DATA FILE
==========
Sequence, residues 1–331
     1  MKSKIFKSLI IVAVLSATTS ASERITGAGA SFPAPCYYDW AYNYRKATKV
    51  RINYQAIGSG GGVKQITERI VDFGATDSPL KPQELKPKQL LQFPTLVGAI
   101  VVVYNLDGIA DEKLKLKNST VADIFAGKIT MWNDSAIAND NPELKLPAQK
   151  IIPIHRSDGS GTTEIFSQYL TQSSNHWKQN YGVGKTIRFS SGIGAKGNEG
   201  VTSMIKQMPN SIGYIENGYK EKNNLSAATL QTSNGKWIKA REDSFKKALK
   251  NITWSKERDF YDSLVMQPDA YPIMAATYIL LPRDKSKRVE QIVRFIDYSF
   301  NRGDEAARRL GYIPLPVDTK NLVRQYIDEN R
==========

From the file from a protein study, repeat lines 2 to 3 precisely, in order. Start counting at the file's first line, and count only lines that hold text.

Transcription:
     1  MKSKIFKSLI IVAVLSATTS ASERITGAGA SFPAPCYYDW AYNYRKATKV
    51  RINYQAIGSG GGVKQITERI VDFGATDSPL KPQELKPKQL LQFPTLVGAI